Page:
- Spelman K, Burns J, Nichols D, Winters N, Ottersberg S, Tenborg M: Modulation of cytokine expression by traditional medicines: a review of herbal immunomodulators. Altern Med Rev. 2006, 11: 128-150.PubMedGoogle Scholar
- Kumar SV, Kumar SP, Rupesh D, Nitin K: Immunomodulatory effects of some traditional medicinal plants. J Chem Pharm Res. 2011, 3: 675-684.Google Scholar
- Ma H, Deng Y, Tian Z, Lian Z: Traditional Chinese medicine and immune regulation. Clinic Rev Allerg Immunol. 2013, 44: 229-241. 10.1007/s12016-012-8332-0.View ArticleGoogle Scholar
- Sharma R, Rohilla A, Arya V: A short review on phamacology of plant immunomodulators. Int J Pharm Sci Rev Res. 2011, 9: 126-131.Google Scholar
- Kumar UA, Manjunath C, Thaminzhmani T, Kiran YR, Brahmaiah Y: A review on immunomodulatory activity plants. Int J Nov Drug Deliv. 2012, 4: 93-103.Google Scholar
- Itharat A, Sinchangchai P, Ratanasuwan P: Wisdom of Southern Thai Traditional Doctors. 1998, Songkla: Research report of Songkla UniversityGoogle Scholar
- Itharat A, Houghton PJ, Eno-Amooquaye E, Burke PJ, Sampson JH, Raman A: In vitro cytotoxic activity of Thai medicinal plants used traditionally to treat cancer. J Ethnopharmacol. 2004, 90: 33-38. 10.1016/j.jep.2003.09.014.View ArticlePubMedGoogle Scholar
- Saetung A, Itharat A, Dechsukum C, Wattanapiromsakul C, Keawpradub N, Ratanasuwan P: Cytotoxic activity of Thai medicinal plants for cancer treatment. Songklanakarin J Sci Technol. 2005, 27: 469-478.Google Scholar
- Hansakul A, Itharat A, Watcharin P: Anticancer activity of Dioscorea membranacea Pierre extract and its isolated compound (Dioscorealide B) in non-small cell lung carcinoma cells. Planta Med. 2008, 74: PA110-View ArticleGoogle Scholar
- Tewtrakul S, Itharat A: Anti-allergic substances from the rhizomes of Dioscorea membranacea. Bioorg Med Chem. 2006, 14: 8707-8711. 10.1016/j.bmc.2006.08.012.View ArticlePubMedGoogle Scholar
- Thiengsusuk A, Chaijaroenkul W, Na-Bangchang K: Antimalarial activities of medicinal plants and herbal formulations used in Thai traditional medicine. Parasitol Res. 2013, 112: 1475-1481. 10.1007/s00436-013-3294-6.View ArticlePubMedGoogle Scholar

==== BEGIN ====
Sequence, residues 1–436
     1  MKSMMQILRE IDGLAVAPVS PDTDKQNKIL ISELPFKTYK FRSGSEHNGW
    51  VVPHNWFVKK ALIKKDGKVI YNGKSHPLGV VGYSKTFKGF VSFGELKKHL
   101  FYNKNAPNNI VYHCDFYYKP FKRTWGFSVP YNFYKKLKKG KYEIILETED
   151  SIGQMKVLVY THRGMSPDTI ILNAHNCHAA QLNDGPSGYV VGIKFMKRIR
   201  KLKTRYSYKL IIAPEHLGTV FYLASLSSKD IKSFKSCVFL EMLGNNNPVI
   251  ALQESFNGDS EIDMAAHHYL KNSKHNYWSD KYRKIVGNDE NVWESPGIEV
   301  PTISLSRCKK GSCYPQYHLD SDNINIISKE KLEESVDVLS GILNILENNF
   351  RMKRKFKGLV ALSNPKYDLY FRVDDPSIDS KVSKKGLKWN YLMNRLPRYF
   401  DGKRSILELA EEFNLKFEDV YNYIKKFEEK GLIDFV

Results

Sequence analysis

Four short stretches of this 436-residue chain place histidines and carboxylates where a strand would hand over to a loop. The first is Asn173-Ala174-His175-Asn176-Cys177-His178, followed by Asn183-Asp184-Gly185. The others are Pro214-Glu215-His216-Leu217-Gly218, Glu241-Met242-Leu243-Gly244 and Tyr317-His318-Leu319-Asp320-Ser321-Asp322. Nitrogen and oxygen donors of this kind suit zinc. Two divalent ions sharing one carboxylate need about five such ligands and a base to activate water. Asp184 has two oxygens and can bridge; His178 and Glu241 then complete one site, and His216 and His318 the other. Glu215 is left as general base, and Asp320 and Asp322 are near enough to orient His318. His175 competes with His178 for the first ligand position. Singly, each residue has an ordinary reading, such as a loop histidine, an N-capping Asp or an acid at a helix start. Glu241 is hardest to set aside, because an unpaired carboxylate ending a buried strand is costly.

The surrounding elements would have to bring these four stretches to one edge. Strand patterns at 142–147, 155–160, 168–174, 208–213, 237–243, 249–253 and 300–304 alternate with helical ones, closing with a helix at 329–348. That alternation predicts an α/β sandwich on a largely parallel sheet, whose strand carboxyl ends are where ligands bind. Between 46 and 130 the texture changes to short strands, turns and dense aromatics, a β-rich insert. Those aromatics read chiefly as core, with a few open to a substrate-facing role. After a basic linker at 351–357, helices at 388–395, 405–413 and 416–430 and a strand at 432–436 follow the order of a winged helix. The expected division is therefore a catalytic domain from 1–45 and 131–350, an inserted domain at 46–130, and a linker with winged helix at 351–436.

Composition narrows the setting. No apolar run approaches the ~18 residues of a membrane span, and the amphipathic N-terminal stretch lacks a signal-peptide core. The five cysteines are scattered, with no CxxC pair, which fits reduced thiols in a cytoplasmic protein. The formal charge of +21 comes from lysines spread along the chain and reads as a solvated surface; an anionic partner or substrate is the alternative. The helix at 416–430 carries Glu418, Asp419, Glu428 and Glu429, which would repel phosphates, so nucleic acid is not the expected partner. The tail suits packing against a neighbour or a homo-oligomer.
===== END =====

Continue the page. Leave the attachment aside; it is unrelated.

- Saekoo J, Dechsukum C, Graidist P, Itharat A: Cytotoxic effect and its mechanism of dioscorealide B from Dioscorea membranacea against breast cancer cells. J Med Assoc Thai. 2010, 93 (Suppl 7): 277-282.Google Scholar
- Hiransai P, Ratanachaiyavong S, Itharat A, Graidist P, Ruengrairatanaroj P, Purintrapiban J: Dioscorealide B suppresses LPS-induced nitric oxide production and inflammatory cytokine expression in RAW 264.7 macrophages: The inhibition of NF-kappaB and ERK1/2 activation. J Cell Biochem. 2010, 109: 1057-1063. 10.1002/jcb.22535.View ArticlePubMedGoogle Scholar
- Itharat A, Plubrukarn A, Kongsaeree P, Bui T, Keawpradub N, Houghton PJ: Dioscorealides and dioscoreanone, novel cytotoxic naphthofuranoxepins, and 1,4-phenanthraquinone from Dioscorea membranacea Pierre. Org Lett. 2003, 5: 2879-2882. 10.1021/ol034926y.View ArticlePubMedGoogle Scholar
- Boyum A: Separation of leucocytes from blood and bone marrow. Scan J Clin Lab Invest. 1966, 21: 97-Google Scholar
- Sriwanthana B, Chavalittumrong P: In vitro effect of Derris scandens on normal lymphocyte proliferation and its activities on natural killer cells in normal and HIV-1 infected patients. J Ethnopharmacol. 2001, 76: 125-129. 10.1016/S0378-8741(01)00223-9.View ArticlePubMedGoogle Scholar
- Alamgir M, Uddin SJ: Recent advances on the ethnomedicinal plants as immunomodulatory agents. Ethnomedicine: A Source of Complementary Therapeutics. Edited by: Chattopadhyay D. 2012, Kerala, India: Research Signpost, 227-244.Google Scholar
- Abbas AK, Litchman AH, Pillai S: Cellular and Molecular Immunology. 2010, Philadelphia: W.B. Saunders Co, 6Google Scholar
- Sukkarn B, Itharat A: Development of the HPLC quantitative analysis of Dioscorealide B from Dioscorea membranacea Pirre. Thammasat Med J. 2009, 9 (2): 156-163.Google Scholar
- The pre-publication history for this paper can be accessed here:http://www.biomedcentral.com/1472-6882/14/403/prepub
This article is published under license to BioMed Central Ltd. This is an Open Access article distributed under the terms of the Creative Commons Attribution License (http://creativecommons.org/licenses/by/4.0), which permits unrestricted use, distribution, and reproduction in any medium, provided the original work is properly credited. The Creative Commons Public Domain Dedication waiver (http://creativecommons.org/publicdomain/zero/1.0/) applies to the data made available in this article, unless otherwise stated.